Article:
Members of Winnipeg’s Indigenous communities are reeling after news of three additional murders involving Indigenous women, but are also looking for ways to respond to the tragedy.
Jeremy Skibicki — already in custody in connection with the killing of Rebecca Contois earlier this year — was handed three more counts of first-degree murder Thursday.
Sam Harris, the director of healing and wellness programs with Indigenous organization Ka Ni Kanichick, told 680 CJOB’s The Start it’s OK to feel anger with the news.
“We spent some time with the community yesterday, and we did what we could do to support the families and to support those who are affected and impacted,” Harris said.
“It’s just such a heartbreaking thing to have to constantly have these gatherings and constantly have to come together as a community to mourn.”
Harris said while there are always people and organizations willing to help, many don’t have the capacity to support everyone impacted by this news, as the need can be overwhelming.
“We have a lot of folks out there who are wanting to do that work and are looking for ways to support these programs and support organizations that are doing that hard work.
“But there isn’t always that sustainability for those programs to keep doing that work … and to keep supporting the families and supporting the individuals and supporting those programs that are providing safe and culturally relevant support.”
Harris said she feels the impact at home and is already teaching her six-year-old son to do his part as he grows up to keep women and girls safe from harm.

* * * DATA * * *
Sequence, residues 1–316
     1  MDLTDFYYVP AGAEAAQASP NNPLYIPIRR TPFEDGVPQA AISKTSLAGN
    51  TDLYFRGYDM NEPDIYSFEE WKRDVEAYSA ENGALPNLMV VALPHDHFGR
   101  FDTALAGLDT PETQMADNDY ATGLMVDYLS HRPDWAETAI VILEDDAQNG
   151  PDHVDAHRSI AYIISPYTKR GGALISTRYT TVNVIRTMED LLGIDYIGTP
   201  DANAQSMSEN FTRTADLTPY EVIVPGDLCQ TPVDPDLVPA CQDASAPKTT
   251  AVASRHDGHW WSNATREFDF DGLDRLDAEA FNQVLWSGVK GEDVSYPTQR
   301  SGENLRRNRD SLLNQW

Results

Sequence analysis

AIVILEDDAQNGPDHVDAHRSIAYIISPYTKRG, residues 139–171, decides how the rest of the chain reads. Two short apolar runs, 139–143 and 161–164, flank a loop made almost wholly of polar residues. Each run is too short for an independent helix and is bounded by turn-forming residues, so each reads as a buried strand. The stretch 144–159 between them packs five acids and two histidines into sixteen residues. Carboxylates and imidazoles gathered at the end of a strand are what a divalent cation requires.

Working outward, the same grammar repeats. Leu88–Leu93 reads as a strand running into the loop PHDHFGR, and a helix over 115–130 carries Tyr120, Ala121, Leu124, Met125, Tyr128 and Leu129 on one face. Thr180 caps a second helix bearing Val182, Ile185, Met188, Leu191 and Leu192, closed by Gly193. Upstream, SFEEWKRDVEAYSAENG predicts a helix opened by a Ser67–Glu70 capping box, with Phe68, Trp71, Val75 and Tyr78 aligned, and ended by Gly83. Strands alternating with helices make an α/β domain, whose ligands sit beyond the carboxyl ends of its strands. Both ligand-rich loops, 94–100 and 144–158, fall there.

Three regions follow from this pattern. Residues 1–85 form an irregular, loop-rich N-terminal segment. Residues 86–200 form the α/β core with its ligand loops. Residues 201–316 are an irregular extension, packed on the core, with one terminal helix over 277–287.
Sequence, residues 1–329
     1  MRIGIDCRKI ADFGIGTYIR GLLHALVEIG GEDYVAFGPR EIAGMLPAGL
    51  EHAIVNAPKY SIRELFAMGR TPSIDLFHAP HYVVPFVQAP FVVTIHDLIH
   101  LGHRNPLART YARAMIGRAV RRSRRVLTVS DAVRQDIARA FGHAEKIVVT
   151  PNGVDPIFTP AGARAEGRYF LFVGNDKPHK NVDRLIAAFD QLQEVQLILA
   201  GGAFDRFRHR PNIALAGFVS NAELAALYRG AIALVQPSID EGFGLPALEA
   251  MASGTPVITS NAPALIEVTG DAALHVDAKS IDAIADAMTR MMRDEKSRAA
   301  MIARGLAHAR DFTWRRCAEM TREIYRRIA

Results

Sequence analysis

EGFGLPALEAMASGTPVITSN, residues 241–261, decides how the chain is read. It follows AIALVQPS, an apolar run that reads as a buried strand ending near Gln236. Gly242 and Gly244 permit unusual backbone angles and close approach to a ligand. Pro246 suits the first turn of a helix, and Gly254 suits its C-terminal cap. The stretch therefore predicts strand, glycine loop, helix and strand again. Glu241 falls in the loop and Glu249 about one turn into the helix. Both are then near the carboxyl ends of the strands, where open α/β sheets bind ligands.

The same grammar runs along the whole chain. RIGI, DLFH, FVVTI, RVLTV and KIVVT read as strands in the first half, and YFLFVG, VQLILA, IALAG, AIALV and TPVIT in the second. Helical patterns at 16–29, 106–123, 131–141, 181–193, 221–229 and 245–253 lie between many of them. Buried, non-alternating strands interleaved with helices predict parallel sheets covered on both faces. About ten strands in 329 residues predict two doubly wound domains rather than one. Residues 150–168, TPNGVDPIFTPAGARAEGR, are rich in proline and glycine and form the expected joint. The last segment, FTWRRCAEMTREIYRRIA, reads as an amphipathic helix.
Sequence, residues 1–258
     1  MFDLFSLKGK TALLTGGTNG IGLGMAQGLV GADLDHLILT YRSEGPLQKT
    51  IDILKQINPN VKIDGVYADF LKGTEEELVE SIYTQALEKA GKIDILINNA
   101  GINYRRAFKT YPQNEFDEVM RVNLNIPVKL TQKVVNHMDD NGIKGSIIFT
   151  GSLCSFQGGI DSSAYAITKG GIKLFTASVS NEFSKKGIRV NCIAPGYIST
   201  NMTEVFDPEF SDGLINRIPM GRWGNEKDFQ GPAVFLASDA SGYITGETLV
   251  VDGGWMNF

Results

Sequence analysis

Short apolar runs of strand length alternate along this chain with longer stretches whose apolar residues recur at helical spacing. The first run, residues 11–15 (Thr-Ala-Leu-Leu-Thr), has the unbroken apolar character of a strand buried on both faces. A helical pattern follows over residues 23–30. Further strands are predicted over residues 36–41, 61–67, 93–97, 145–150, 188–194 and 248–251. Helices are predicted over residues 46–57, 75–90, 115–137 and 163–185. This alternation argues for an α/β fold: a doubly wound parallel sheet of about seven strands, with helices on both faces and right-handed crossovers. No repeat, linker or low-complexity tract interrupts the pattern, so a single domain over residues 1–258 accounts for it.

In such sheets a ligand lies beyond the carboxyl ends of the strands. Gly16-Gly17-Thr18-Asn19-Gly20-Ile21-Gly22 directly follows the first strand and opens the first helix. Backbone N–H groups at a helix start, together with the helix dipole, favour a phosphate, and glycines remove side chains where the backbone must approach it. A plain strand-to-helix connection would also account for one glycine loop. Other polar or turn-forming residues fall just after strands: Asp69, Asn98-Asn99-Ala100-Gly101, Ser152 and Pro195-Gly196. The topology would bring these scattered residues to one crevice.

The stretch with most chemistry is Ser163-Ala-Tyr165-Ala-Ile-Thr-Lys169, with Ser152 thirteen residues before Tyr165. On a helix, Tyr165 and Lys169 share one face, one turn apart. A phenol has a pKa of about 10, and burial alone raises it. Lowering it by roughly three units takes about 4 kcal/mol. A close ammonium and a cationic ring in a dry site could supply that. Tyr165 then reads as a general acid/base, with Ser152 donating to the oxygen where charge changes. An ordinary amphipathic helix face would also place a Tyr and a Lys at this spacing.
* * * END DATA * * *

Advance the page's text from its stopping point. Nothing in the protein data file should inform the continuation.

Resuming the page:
“I have a young man that I’m raising right now. He’s six years old … and I’m having conversations with him about how he can keep our Indigenous women, girls and two-spirit community safe,” she said, “and (teaching him) what is his role in becoming a young man in this world, and how does he have to contribute to the safety our people?”
Manitoba MLA Bernadette Smith is no stranger to the trauma these families are facing.
Smith has dealt with it first-hand — in the case of her own sister, Claudette Osborne, who has been missing since 2008 — and told 680 CJOB this feeling has become far too common among Indigenous people.
“We have to (do more). We can’t continue this way. We’re losing too many people, and these are people’s loved ones,” Smith said.
“I want Manitobans to think, ‘what if that was your daughter? What if that was your niece?’
“We need to wake up and stop normalizing this and get involved.”
In a statement Thursday, Manitoba Keewatinowi Okimakanak Grand Chief Garrison Settee said Manitobans need to work together to prevent similar crimes from happening in the future.
“These women were someone’s daughter, sister or mother. It’s tragic and catastrophic for the affected families,” Settee said.
“Our community has a big hole that has been left behind by acts of violence I cannot understand. I am asking for our community to support the families of the victims in any way that they can.
“As the Grand Chief of MKO, I am committed to supporting First Nation women, girls, two-spirit and gender-diverse people. Our women are sacred and deserve to live without fear of being harmed.”